Identifying Altitude Sickness – Mountain Climbing Guide
Mild Altitude Sickness Symptoms:
- Lost appetite and nausea
- Shortness of breath
- Disturbed Sleep
Moderate Altitude Sickness Symptoms:
- Awfully bad headaches that can’t be relieved with medication
- Strong feelings of nausea and muscle weakness
- Shortness of breath
- Ataxia (feeling of decreased coordination)
Severe Altitude Sickness:
- An inability to walk
- Severe shortness of breath
- Inability to think straight (poor cognitive abilities)
- Fluid buildup in the lungs
High Altitude Cerebral Edema (HACE):
High Altitude Cerebral Edema (HACE) is a severe altitude sickness condition. It occurs when pressure build-up in the brain results in fluid breaching the capillary walls in the cranium. It is a rare condition on general treks, but much more common among mountaineers in high altitude mountain ranges such as the Himalayas.
Here are the typical symptoms for suffers of HACE: very bad migraines, loss of coordination, hallucination and disorientation, memory loss, and loss of consciousness (ultimately leading to lapsing into a como). Generally HACE tends to strike at night and the condition can worsen rapidly. Hence, time shouldn’t be lost in getting someone down to lower altitudes if they have suspected HACE. Do not wait for daylight. Descend immediately.
High Altitude Pulmonary Edema (HAPE)
High Altitude Pulmonary Edema (HAPE) is another fatal altitude illness condition. It occurs when fluid breaches the pulmonary capillaries and enters the lungs. Fluid in the lungs inhibits the effective exchange of oxygen to the blood.
Here are the signs that someone is suffering from HAPE: very tight chest and extreme shortness of breath (even while resting), the feeling of suffocating, particularly during sleep, coughing up white or mucus coloured frothy fluid, extreme fatigue, irrational behaviour and hallucinations.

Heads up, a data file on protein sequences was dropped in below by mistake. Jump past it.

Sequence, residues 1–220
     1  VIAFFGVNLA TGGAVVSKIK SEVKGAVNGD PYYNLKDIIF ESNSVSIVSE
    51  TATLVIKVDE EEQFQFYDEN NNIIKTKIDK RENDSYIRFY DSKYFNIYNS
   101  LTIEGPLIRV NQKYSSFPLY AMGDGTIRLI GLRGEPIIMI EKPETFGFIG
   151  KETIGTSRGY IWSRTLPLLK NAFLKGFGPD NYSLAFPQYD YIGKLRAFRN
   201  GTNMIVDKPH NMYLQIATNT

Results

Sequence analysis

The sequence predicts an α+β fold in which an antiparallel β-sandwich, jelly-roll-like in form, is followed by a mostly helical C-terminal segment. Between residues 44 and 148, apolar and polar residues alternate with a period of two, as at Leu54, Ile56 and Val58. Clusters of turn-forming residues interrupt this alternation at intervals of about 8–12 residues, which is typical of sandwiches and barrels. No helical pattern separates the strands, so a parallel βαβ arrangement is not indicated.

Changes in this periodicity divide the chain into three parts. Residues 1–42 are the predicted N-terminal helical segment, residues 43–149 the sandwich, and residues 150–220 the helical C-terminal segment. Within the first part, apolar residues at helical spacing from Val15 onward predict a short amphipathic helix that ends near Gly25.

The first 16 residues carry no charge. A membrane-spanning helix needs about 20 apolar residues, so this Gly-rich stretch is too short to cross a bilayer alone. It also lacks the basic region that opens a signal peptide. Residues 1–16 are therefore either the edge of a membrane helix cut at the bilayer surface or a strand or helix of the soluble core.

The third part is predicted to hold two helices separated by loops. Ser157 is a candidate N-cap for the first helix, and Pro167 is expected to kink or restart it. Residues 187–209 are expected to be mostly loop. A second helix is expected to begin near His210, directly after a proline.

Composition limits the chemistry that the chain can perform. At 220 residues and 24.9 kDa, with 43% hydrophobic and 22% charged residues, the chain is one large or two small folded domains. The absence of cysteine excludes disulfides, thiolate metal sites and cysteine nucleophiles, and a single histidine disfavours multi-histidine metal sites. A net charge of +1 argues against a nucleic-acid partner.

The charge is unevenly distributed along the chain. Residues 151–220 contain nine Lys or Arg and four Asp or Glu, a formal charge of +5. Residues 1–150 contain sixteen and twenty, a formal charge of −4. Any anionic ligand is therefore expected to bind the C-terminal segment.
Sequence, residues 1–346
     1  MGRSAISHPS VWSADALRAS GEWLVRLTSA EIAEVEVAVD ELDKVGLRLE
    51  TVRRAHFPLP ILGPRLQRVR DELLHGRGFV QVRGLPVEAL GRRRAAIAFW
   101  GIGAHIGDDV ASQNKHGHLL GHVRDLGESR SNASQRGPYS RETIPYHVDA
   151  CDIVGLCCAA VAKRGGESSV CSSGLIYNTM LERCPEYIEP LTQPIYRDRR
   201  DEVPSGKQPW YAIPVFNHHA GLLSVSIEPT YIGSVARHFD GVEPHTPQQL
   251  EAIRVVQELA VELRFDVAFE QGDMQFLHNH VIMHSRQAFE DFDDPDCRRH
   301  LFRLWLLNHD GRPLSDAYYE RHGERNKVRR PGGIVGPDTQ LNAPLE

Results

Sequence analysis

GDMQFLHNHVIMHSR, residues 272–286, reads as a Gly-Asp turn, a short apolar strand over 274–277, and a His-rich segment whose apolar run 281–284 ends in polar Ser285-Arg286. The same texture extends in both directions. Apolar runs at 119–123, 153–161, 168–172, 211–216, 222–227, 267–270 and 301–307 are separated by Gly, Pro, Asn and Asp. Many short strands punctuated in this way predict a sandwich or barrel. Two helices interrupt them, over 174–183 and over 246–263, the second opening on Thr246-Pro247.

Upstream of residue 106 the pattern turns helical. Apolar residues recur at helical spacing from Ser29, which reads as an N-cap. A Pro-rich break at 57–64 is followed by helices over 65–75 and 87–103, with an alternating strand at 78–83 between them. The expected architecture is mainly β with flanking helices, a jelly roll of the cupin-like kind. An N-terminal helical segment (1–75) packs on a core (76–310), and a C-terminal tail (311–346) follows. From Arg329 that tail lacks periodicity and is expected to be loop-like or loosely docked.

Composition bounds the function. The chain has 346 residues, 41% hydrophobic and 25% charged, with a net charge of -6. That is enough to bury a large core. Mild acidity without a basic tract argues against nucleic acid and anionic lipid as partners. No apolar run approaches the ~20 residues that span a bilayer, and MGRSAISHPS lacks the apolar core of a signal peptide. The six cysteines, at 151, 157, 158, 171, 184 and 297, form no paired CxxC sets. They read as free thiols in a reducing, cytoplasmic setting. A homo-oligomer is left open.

Like HACE, descent is paramount, but caution should be taken not to exert the person suffering from HAPE as this can worsen the condition. Any available oxygen can and should be administered. The drug, Nifedipine, has also been shown to help ameliorate the condition, but descent is the only
Altitude sickness daily assessment for guides to check with clients
(Recommended assessment time is 6 hours after gain in altitude)
Suggested ranges for diagnosing Altitude sickness:
3-5 points: Mild AMS
6-9 points: Moderate AMS
10-12 points: Severe AMS
0—None at all
1—A mild headache
3—Severe headache, incapacitating
1—Poor appetite or nausea
2—Moderate nausea or vomiting
3—Severe nausea and vomiting, incapacitating
Fatigue and/or weakness
0—Not tired or weak
3—Severe fatigue/weakness, incapacitating
3—Severe dizziness/light-headedness, incapacitating
AMS Clinical Functional Score
Overall, if you had AMS symptoms, how did they affect your activities?
0—Not at all
1—Symptoms present, but did not force any change in activity or itinerary
2—My symptoms forced me to stop the ascent or to go down on my own power
3—Had to be evacuated to a lower altitude
Mild AMS will be common in at least 70% of trekkers and is not a concern unless the symptoms continue to deteriorate. If multiple mild symptoms are present, the guide should keep a good eye on the client to ensure it doesn’t get worse.
Moderate AMS is less common however a good number of clients will still experience these symptoms. The office should be informed as soon as the scoring shows Moderate AMS and a guide should accompany the client and give special attention to as much as possible. Consider pausing or descending if symptoms get worse.
Severe AMS should be handled with extreme care and clients should descend the mountain as quickly as possible to ensure the symptoms do not get worse. Evacuation should be considered.